The bigger problem is that none of these scale-based tests takes the three-dimensional conformation of the native protein into account very well, thus some antibodies prepared against the custom peptide will fail to recognize the native protein because although the sequence is there, it doesn't form the same epitopes as the custom peptide does. This is also why some of the antibodies thus prepared may only work in some applications (e.g. they may work in ELISA but not in westerns, or vice-versa), if they work at all.


Thanks for the very informative explanation & the website suggested. I've learnt a lot from them (and more confidence for the upcoming
graduation exam :wacko: )

I've got reply from the company who made the antibody. Hope the issues would be solved soon.

#8 eldon

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Posted 22 December 2009 - 06:45 PM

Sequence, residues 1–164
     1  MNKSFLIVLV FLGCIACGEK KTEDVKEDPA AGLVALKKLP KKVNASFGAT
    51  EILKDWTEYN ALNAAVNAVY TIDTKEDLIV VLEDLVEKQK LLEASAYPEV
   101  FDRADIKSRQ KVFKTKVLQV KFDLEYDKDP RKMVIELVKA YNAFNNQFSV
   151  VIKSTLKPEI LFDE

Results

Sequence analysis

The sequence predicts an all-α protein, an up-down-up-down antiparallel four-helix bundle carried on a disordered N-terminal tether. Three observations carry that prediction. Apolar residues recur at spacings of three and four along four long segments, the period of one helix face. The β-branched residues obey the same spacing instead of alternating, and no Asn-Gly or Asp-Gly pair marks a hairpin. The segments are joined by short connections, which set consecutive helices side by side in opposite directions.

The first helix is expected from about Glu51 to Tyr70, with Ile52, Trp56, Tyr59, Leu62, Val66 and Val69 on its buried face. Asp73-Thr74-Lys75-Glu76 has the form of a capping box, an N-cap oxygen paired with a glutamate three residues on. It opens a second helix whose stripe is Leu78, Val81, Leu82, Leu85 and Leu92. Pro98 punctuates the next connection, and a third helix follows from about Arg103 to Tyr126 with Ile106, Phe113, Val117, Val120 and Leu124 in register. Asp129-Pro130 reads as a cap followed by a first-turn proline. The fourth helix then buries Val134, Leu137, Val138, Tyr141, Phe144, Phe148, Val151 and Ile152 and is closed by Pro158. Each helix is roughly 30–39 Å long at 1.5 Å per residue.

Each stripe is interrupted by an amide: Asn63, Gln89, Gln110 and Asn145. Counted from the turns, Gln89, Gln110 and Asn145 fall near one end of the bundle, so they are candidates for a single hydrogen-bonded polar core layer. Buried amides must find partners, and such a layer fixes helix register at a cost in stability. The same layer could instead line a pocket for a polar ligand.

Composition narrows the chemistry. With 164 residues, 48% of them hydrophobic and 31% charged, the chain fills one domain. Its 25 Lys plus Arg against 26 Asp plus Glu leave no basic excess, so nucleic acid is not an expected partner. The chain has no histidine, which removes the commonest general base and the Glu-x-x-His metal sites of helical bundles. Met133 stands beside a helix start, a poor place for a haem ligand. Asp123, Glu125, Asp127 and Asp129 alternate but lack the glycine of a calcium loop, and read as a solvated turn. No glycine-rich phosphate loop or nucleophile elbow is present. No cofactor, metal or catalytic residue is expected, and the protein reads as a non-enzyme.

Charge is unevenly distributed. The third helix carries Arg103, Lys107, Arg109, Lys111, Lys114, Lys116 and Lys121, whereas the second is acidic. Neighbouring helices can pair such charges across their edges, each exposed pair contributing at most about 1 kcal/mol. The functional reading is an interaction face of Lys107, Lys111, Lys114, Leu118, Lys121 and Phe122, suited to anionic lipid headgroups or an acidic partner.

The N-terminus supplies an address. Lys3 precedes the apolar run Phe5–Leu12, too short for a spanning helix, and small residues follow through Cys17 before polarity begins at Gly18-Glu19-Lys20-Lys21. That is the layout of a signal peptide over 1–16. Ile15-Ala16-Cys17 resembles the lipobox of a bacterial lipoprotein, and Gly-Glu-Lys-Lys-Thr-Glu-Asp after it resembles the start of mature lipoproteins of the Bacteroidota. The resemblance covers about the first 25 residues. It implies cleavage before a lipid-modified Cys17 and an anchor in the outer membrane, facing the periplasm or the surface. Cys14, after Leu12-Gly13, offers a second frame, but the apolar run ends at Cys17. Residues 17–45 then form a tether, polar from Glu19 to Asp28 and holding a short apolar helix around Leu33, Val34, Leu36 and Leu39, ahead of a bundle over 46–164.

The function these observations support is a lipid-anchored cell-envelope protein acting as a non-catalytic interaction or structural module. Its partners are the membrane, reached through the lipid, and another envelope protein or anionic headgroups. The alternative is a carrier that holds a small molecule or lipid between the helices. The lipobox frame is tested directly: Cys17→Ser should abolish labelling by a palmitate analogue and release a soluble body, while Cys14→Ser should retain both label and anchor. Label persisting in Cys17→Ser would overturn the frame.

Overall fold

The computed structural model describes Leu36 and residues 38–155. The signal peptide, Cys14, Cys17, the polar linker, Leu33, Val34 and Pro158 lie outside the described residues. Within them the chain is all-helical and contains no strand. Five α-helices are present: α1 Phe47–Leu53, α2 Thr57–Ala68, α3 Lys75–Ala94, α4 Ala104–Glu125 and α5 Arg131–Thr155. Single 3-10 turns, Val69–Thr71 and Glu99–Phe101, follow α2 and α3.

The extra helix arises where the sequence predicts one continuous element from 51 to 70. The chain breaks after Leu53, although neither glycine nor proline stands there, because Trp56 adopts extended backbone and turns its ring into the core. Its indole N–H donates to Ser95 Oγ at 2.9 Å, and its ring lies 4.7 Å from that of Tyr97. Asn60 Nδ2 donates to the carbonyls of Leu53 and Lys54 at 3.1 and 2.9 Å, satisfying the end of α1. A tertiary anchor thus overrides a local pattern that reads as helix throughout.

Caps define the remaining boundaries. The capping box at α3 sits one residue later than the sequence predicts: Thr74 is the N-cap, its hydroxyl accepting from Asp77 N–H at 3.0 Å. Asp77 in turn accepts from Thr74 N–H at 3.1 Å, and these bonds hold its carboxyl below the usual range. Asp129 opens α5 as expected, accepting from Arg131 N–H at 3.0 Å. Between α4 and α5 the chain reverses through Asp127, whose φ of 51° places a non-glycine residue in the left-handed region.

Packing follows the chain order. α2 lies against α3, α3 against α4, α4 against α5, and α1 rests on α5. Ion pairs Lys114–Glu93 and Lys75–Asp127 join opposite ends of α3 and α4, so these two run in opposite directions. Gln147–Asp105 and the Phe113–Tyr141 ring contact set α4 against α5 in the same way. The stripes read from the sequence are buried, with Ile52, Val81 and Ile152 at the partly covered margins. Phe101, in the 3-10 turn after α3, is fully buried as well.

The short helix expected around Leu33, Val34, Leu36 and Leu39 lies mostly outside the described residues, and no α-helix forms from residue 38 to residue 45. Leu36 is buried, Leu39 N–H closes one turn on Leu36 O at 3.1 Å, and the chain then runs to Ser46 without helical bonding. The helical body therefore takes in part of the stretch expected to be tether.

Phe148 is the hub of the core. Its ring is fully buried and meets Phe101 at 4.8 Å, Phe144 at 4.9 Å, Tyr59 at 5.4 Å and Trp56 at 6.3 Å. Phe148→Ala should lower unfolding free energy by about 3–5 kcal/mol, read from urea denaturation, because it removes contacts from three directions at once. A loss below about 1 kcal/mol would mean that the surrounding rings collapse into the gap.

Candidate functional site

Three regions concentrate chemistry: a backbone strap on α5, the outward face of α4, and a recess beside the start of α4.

Then I suspect it is related to the orientation of the antibody-antigen pair. The epitopic sequence here is in the C terminus but not N or in the middle of LVRPEVDVMCTAFHDNEETFLK . However, the antibody recognizes the DNEETFLK from the N terminus during the antibody production.

My question is: will this be the troubling causing factor? that I will need an antibody recognizing from C terminus of DNEETFLK if I need it to recognize LVRPEVDVMCTAFHDNEETFLK?

Jake


what you have written above is the most likely problem. we have made antibodies to the Nterm antigenic site of peptides and or fragments generated from the specific cleavage of a much larger intact transmembrane protein to monitor production of said peptide to various treatments. this allows us to discriminate btwn cleavage products especially when multiple peptides can be generated from the intact protein.

digest your synthetic full length peptide with Asp-N endopeptidase...it should digest at at the Asp6 and Asp14 P1' site...then do the elisa compared to undigested full length peptide. if the antibody recognizes the DNEETFLK from the Nterm as you think, you will get a positive signal on the elisa.

i assume this is a monoclonal Ab.